Once up he tied a red cotton handkerchief around his neck with the knot  on one side. Then he and the horse rode out together looking, they both thought, mighty sporty. No one waved so-long or paid them any mind.
          The boy was fifteen. Lately Beans and the hands had taken to calling him “Whichaway,” or “Which” for short, but that was not his name.
          The Box O was sixty-three miles long and thirty-one miles wide at its widest point, making up twenty-one hundred square miles of range and deserts and mountains. The nearest town was Prescott, which was forty-four miles from the main house. On this spread they ran about fourteen hundred head of cattle. In the good old days they could have carried twice that, for the grass was then belly-high and the water ample.  But now, in the year nineteen and twenty-three, grazing and erosion had sparsed out the grass and drought had done for the water. The Box O was down to a couple of springs and a couple of creeks  which gave up in summer. Water was life in Arizona, though, and what the ranch depended on for its life was thirty-one windmills.
          The boy rode toward Crittenden’s. This was just a dry wash near two windmills. A family had been caught there with a wagon wheel off--a man and wife and four kids. Indians slaughtered them, kids and all. Their name was Crittenden. That was only forty years ago. History is what you read about. But there was so much of it in these parts, and it was so recent, that sometimes as the boy rode about his solitary chore it seemed to him that he could hear the crash of gunfire, smell the powder and the ponies and the blood, and taste the bitter medicine of fear. He could feel his heart coil, excited, and like a rattler strike his ribs.
          “Why?” he would demand out loud. “Why does it have to be over?”
          If you had followed him around a day or two you’d have judged he talked to himself a great deal. He did. And he had reasons. For one thing, he was bone lonesome. He had no brothers or sisters.  His father was a silent man, as were the hands. Arizona was a land of people who spoke only when spoken to. Chinning or using too much tongue oil was frowned on. Nor did the cattle have much to say, or the horses ,or the wild beasts, or if they did they kept it to themselves.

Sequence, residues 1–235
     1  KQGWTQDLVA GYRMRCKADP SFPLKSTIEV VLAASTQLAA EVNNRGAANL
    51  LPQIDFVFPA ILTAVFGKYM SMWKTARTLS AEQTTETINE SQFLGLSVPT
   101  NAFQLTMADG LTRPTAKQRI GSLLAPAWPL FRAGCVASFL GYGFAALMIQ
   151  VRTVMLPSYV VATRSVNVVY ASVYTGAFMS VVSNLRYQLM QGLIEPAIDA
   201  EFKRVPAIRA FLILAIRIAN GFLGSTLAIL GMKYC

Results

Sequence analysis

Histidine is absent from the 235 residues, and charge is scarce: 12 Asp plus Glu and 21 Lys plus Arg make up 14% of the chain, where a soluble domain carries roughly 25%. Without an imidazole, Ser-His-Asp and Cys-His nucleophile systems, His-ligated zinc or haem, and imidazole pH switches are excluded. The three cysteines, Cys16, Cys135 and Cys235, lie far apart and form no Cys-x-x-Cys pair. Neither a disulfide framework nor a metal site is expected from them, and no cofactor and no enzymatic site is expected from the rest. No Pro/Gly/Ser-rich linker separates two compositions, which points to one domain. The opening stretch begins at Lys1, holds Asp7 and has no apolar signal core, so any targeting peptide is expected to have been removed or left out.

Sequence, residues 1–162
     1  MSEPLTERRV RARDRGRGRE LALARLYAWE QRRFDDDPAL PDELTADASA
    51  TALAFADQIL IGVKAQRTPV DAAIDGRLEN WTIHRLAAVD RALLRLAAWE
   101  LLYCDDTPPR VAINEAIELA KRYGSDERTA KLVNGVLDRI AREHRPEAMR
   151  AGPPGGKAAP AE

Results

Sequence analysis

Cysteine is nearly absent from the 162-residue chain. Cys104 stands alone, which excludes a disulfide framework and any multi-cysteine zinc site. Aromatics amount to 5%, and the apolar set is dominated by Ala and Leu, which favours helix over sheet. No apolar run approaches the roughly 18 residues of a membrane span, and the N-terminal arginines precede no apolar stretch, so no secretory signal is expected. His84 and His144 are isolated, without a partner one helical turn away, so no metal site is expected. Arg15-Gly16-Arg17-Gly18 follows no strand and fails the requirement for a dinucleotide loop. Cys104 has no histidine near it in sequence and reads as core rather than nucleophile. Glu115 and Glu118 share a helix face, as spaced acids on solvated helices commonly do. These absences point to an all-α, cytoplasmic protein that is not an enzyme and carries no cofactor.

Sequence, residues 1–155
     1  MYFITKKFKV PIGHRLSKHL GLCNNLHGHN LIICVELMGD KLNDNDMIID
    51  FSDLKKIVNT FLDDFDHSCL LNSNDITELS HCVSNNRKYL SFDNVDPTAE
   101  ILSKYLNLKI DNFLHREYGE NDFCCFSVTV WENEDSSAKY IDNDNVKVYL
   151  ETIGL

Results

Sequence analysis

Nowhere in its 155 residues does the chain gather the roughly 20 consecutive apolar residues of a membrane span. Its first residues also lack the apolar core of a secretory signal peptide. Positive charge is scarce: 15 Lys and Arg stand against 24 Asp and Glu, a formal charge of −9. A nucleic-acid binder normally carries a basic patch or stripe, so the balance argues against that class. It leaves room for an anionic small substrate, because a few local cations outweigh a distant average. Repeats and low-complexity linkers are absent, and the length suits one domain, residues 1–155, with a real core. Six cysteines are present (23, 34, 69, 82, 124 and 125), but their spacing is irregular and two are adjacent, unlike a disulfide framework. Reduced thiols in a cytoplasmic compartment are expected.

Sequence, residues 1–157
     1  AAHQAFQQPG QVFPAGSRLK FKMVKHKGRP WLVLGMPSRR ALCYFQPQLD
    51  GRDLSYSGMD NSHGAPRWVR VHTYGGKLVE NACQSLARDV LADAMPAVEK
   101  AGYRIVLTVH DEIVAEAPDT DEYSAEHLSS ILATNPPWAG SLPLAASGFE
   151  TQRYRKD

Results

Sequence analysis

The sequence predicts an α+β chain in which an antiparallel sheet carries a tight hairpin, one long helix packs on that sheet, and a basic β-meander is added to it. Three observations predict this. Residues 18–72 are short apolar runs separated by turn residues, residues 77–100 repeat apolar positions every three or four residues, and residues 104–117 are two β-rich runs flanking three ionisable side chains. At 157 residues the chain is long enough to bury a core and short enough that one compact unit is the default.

So this boy did appear to talk to himself a lot, but it was really just one of him conversing with the other. The fact was, in the last year he’d become two people inside one hide, and stretch that hide all he could, it was still too small. There the two of him had much to discuss.
          He also talked to his horse. Dub said in his opinion it was a whistler of a day, just a whoop-de-doo day, and why didn’t they run a little? He said this by doing a dance, allemande left and sashay right. The boy knew what it meant because they were very close. 
          Dub was a gray gelding with black patches on his legs and a black tail and one black eye, not very handsome but big. He was twelve years old, a bit middle-aged for critter work, which was why he’d been cut out of the range bunch two years ago and turned over to the boy. He tired in the afternoons, like most middle-aged people, but in the mornings he was full of vinegar. 
          “Want to kick up your heels, huh?”
          Dob poked his ears forward.
          “Say, Dub, tell you what. Let’s go to Crazy Men Mesa!”
          Dub laid his ears back.